Rear row: Frank Lanzetti; Andy Persich; coach Teddy Nashman; Gerard Fennel!; Al Drexel and Joe Persich;
Frank Lanzetti played in the Brooklyn Dodger farm system for a number of years and Joe Grogan played with a farm team of the Boston red Sox
The picture of George Burns and Gracie Allen on page 64 has a picture of a famous Umpire Bill Klem (not Kiern).
Hoboken history of immigrants was not as stark as the history in this magazine suggests. My father came from Ireland and like many of his country men of his time wound up in Hoboken; Fourth ward or St. Joseph's parish. In those days Hoboken had two main parishes S. Josephs Church on Monroe and Our Lady of Grace on Willow Avenue both known for their Irish Parishioners. Later there were three missions churches erected STS Peter and Paul that was a German mission Church and Sts Francis and St. Ann's which were both Italian mission churches. German and Italian were spoken in their respective churches.
Around the turn of the century Hoboken also had a large Jewish community and at one time had at least two Synagogues.
The suggestion that there was a DMZ zone is just bad folklore. Most Italians lived down town and the fish up town. To suggest there was a line that neither group could cross over was just not true or that if you crossed that line you were in trouble. That was a myth that made great story telling along with that the Catholic school kids were beaten by nuns.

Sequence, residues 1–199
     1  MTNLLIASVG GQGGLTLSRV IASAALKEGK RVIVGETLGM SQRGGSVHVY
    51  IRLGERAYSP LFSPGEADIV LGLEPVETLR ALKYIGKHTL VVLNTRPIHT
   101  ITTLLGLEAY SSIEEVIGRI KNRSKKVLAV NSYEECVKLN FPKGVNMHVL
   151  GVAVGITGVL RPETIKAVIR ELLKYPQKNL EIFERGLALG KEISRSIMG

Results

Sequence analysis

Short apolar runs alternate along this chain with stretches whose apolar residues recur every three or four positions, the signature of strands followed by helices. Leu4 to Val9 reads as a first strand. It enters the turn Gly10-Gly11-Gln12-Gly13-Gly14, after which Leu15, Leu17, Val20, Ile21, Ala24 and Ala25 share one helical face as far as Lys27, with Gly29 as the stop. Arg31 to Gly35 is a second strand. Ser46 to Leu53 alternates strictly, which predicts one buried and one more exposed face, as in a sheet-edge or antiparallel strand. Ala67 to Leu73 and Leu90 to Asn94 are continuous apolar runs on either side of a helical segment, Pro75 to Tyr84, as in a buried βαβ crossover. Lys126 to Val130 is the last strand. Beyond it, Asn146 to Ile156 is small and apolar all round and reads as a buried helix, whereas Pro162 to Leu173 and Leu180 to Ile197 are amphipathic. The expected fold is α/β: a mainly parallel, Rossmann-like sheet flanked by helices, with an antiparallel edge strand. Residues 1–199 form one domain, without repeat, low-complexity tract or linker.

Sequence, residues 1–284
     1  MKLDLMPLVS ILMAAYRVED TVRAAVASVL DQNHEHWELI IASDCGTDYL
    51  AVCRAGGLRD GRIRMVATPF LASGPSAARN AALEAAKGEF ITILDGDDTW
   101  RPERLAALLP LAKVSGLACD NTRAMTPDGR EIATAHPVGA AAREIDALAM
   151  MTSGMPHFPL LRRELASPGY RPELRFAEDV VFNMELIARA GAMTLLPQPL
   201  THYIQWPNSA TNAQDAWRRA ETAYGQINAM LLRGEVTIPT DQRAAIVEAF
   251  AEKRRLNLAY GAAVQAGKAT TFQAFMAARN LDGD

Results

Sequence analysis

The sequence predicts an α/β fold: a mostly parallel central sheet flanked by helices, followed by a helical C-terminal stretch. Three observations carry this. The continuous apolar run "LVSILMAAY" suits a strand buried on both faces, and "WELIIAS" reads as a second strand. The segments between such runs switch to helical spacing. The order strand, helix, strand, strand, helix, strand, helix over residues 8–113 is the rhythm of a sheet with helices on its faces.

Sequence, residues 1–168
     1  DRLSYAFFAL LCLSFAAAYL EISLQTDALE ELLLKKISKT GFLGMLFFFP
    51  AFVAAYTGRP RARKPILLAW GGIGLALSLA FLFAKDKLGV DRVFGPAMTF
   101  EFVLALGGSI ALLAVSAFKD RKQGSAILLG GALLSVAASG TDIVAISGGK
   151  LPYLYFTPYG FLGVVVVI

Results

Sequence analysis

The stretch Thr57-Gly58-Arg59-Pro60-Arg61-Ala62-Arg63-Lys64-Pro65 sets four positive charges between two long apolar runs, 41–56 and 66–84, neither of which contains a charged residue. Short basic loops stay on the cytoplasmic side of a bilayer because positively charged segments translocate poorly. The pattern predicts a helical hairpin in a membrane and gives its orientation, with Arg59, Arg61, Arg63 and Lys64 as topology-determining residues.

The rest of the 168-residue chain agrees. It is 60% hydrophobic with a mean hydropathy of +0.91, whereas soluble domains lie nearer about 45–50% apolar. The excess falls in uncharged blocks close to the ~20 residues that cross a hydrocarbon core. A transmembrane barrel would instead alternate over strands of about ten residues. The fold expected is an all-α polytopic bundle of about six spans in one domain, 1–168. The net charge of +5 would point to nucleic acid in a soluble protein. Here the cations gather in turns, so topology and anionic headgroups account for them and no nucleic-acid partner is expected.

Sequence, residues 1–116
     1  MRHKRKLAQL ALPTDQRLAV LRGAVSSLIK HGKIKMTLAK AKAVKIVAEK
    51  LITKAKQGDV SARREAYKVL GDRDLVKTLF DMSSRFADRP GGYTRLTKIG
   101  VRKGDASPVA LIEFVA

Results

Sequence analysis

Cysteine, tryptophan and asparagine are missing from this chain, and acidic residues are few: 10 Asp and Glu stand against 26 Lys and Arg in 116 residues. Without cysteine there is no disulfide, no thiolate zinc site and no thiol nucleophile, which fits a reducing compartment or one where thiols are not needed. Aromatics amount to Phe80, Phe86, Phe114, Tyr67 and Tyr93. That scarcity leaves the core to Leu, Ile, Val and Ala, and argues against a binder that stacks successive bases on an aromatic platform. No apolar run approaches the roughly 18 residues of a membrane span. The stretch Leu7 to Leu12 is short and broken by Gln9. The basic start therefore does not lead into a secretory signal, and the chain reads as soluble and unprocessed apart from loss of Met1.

The end of mayor McFeely's career had to do with several main items.
In the 1940 a group of Hoboken Policemen became Rebel Cops and defied MeFeely's iron hand rule. (his brother was also the Chief of Police and his other brother a Police Inspector)
Another brother had the garbage contract was still in existence even until McFeely's defeat in 1946 and the trucks for the pick up was by horse drawn trucks.
The rebels led by George Fitzpatrick started the ball rolling to introduce Civil Service in Hoboken which Mc Feeley opposed. The question was adopted by ballot in 1946 and was the precursor to McFeely's's downfall. Then immediately after (1946) the boys came home from world war II and defied McFeely's iron rule and voted as they wished not as they were told. He finally put a veteran on his ticket but it was too little and too late. He was soundly defeated in 1947.
There was also another uprising in Hoboken at the time from Italian Americans who felt they were poorly represented in local government. The McFeely loss set the sights for the opponents of Mayor Frank Hague of Jersey City who lost his rule in 1949.
Despite the fact that George Fitzpatrick and John Grogan were the high vote getters in that election the other three newly elected commissions Fred DeSapio. Stephen Mongiello and Michael Borelli elected Fred DeSapio Mayor. This seemed to create a lot of political unrest.